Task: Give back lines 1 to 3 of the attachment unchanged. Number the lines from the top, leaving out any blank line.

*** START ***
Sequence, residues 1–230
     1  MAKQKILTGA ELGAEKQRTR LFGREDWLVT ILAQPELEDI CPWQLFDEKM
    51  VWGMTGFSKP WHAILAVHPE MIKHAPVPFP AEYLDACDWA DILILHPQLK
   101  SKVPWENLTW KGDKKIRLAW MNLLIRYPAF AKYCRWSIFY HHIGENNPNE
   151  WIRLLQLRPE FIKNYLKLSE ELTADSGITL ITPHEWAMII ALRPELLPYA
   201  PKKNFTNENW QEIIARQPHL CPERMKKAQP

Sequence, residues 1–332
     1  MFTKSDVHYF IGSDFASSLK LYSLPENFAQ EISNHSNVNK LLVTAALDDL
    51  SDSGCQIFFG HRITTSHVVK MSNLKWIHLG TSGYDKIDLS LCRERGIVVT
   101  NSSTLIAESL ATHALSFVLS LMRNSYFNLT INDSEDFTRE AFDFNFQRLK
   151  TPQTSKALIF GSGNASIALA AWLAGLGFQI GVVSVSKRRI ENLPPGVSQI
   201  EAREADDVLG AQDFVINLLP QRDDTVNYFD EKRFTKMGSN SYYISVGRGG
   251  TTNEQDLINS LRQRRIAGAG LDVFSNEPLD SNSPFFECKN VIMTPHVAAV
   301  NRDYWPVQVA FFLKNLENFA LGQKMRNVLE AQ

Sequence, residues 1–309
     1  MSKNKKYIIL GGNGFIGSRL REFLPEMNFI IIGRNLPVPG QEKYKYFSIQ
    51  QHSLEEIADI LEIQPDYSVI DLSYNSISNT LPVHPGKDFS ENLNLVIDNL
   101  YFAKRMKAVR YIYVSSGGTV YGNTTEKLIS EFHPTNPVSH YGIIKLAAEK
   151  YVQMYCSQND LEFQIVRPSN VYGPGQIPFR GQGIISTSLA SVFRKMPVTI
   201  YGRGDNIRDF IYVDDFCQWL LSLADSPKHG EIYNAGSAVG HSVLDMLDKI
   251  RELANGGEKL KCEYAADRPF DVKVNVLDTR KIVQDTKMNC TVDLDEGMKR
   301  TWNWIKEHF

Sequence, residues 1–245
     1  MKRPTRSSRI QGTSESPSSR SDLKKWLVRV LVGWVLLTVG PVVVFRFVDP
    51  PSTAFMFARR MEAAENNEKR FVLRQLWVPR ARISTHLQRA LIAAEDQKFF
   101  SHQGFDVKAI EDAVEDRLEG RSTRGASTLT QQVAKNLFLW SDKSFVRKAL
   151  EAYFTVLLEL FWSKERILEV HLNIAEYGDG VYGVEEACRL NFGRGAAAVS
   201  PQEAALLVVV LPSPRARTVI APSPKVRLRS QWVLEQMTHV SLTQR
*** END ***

Sequence, residues 1–230
     1  MAKQKILTGA ELGAEKQRTR LFGREDWLVT ILAQPELEDI CPWQLFDEKM
    51  VWGMTGFSKP WHAILAVHPE MIKHAPVPFP AEYLDACDWA DILILHPQLK